The guest professor in my translation class today gave this example: If a Brazilian is talking about toothpaste, he'll call it "pasta de dente." But let him take out his shopping list, and he'll write "dentifrício." When the professor pointed this out, my Brazilian classmates nodded in agreement and laughed as if they suddenly perceived something that they had never before realized. Really?
The reason he was discussing this was to explain why Brazilians have such an awful time writing dialogue. I haven't read much Brazilian fiction yet, but apparently the dialogue is horrible and stilted, and it's only started to improve in the past 30 years. Spoken Portuguese has such a stigma here that it's hardly ever actually put to paper.
Writers in English, this professor continued, are able to write fantastic dialogue because they actually write what people say, and the way they say it. Think of how often you read a person's accent transcribed almost phonetically into letters and words -- though they might not be words that appear in any dictionary. He gave the example of Huck Finn and Jim, neither of whom speaks Standard English, but whose two different dialects are quite evident through the written word. Brazilians just don't have the capacity to handle this in writing.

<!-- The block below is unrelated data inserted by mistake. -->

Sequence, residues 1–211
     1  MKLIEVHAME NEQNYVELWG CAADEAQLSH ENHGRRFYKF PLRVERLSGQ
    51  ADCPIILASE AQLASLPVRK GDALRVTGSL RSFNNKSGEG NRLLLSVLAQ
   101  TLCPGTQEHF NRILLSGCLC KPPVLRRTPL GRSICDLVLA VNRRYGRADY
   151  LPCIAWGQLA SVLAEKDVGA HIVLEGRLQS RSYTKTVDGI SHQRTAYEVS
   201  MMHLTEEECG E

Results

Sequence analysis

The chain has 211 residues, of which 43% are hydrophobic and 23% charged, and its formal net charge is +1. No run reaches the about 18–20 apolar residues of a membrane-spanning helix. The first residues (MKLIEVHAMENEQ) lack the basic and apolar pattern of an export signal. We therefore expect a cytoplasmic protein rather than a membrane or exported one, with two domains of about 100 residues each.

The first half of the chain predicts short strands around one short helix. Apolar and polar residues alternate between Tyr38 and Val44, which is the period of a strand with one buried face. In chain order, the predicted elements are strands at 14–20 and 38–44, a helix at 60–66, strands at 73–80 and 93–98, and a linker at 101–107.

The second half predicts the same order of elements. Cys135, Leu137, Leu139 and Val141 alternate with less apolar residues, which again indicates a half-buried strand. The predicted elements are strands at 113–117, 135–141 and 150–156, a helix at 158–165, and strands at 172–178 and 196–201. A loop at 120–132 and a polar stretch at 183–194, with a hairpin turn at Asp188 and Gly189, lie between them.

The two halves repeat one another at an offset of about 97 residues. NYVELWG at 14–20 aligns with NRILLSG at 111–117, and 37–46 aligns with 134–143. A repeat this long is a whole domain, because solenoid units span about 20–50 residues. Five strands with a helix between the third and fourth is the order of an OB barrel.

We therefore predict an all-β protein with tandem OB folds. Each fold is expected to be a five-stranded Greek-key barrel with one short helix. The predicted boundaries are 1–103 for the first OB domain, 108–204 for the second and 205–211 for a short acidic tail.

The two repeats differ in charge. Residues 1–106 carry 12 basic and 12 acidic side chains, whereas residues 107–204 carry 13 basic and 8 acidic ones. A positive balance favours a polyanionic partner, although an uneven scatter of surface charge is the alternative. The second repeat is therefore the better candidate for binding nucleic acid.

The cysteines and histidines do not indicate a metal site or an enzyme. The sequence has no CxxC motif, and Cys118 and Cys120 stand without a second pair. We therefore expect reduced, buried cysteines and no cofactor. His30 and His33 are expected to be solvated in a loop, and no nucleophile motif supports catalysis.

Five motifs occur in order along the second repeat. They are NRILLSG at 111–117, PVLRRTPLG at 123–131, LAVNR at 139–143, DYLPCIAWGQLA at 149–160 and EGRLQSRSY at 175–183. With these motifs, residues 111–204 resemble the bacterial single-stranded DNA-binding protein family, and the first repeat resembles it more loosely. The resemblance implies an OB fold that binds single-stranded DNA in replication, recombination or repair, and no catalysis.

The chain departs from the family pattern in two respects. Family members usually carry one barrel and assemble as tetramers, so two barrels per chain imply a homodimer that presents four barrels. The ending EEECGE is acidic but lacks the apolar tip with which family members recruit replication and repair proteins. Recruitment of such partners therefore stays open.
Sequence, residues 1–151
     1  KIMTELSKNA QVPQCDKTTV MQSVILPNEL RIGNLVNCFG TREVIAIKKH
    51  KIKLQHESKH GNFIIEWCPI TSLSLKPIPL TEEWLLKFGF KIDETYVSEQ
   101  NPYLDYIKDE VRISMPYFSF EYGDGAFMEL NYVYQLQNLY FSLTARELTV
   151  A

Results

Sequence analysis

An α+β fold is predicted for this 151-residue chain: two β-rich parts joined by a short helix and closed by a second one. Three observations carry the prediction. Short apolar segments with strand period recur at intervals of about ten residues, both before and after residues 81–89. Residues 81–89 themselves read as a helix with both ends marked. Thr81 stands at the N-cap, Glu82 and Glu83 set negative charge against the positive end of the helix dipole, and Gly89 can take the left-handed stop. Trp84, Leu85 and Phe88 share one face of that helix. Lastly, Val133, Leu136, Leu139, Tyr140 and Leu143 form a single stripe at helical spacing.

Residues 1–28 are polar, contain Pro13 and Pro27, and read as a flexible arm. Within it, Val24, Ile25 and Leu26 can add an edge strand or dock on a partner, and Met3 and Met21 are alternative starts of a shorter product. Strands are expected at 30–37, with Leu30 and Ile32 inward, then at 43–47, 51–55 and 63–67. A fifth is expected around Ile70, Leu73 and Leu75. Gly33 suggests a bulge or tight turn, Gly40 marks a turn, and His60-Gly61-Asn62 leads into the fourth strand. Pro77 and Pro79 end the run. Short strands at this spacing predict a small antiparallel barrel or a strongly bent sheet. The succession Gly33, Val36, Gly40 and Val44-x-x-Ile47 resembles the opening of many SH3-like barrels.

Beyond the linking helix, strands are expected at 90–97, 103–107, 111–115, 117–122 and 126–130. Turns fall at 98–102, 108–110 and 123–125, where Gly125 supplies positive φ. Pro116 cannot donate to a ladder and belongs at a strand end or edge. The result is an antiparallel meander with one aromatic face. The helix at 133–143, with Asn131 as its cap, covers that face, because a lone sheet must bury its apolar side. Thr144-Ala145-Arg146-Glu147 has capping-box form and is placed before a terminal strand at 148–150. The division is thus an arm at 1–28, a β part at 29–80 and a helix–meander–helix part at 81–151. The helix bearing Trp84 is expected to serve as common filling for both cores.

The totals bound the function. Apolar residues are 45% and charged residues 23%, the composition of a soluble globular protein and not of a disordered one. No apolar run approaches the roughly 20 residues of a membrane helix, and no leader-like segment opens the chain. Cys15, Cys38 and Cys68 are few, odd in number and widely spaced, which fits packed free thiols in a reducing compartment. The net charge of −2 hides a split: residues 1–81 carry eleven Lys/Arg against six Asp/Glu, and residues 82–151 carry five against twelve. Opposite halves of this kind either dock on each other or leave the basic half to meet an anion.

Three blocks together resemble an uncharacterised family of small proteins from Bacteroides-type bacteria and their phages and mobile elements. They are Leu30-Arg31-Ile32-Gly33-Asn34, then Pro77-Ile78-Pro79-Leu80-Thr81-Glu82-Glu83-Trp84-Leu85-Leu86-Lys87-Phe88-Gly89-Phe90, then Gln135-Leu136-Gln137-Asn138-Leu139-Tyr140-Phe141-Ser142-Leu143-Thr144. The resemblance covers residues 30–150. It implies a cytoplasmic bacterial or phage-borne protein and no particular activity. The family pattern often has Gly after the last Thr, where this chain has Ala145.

Though the Portuguese first arrived in Brazil over 500 years ago, Brazilians have been extremely slow to distance their written language from Continental Portuguese. On the other hand, according to this professor, the first strictly American dictionary came out just five years after we declared independence. And yet spoken Brazilian Portuguese has strayed even farther from written Continental Portuguese than American English ever did from British English. (Brazilians often have an extremely hard time understanding people from Portugal, who also have a really funny and ugly accent.)